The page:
...an idea
that originated from the game
Stop That Creature found at
PBS's Game
Central. The
black box
method uses an imaginary device (the black box) that modifies
the input number according to a specific formula. The formula
is hidden in the black box so to a viewer the number mysteriously
changes.
The key is to
understand the underlying pattern to the changes as successive numbers
are input. By observing
what happens to numbers that are input to the box students can determine what
the box is doing to generate the output number.
This models the scientific method where scientists would develop a
hypothesis concerning the cause of the observed effect the box has on
the input number. The game is excellent practice and develops
students skills at detecting underlying patterns to numbers and can be
done at any level.
There are a
number of variations to the game:

Fraction Black Box: Use only one operation (limit to plus
and minus or use all four operations) and number. From
the output determine what has happened to the input fraction.
Input must be a fraction.
 Basic
Integer Black Box: Use only one operation and number. From
the output determine what has happened to the input number.
Input can be a positive or negative integer. Consider
using absolute values to make it challenging.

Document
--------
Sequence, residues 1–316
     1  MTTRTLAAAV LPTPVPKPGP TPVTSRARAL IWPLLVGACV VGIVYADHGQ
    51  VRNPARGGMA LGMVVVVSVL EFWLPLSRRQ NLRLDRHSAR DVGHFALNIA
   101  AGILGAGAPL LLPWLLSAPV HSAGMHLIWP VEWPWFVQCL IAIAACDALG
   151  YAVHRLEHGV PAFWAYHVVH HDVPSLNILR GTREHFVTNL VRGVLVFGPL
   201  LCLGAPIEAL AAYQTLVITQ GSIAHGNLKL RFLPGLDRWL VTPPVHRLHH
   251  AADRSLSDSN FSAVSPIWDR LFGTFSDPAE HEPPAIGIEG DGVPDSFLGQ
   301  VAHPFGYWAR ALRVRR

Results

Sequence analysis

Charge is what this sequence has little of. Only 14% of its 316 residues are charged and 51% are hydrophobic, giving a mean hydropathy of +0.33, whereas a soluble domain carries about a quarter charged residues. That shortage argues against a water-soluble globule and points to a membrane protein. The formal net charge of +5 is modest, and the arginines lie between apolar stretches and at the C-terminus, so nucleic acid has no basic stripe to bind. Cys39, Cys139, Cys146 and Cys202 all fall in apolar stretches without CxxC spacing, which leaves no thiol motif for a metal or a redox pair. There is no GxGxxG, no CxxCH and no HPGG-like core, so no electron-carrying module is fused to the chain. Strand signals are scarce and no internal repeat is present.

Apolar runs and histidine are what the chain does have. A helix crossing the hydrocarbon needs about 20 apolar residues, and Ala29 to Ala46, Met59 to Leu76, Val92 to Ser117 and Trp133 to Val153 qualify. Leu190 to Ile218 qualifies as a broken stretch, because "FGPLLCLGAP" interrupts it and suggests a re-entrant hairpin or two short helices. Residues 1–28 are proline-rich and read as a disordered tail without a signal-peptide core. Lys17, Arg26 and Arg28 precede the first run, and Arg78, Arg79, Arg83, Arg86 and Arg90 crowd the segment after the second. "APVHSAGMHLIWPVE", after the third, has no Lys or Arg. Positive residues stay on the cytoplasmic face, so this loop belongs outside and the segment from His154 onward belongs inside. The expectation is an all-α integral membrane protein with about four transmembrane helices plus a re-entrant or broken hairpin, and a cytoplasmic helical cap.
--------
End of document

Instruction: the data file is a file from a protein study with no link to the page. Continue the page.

Advanced Integer Black Box: Use two operations (one is
addition or subtraction and the other multiplication or
division) and two numbers. From the output determine what has
happened to the input number. Group must either accept any
correct answer or tell what operations
were used and the order they were used. Input can be a positive or
negative integer. Consider using absolute values to make
it challenging.

Challenge Level: Increasing complications such as exponents,
absolute values, etc.
To play the
game:
 Read through
the directions and model a game or two for the class.
 Break class
into groups of 2 or 3. Decide on which game to play:
 Each group
tries their black box on the class. They can write their solution
on a piece of paper and stick it on the board.
 Have
individual groups try to solve it or solve it as a class.
 The group
that has the most unsolvable black box wins.
Use Excel to illustrate
relationship to equations:
These games are meant as an informal introduction
to equations. Inputting x, the black box spits out y.
If you input a formula into Excel, you can
then project the game and allow various solutions to be tried. The x and y could then be graphed in Excel to discover the
equation of a line. Basically, the possibilities are endless.
Try Our New Internet Game: The Mystery Box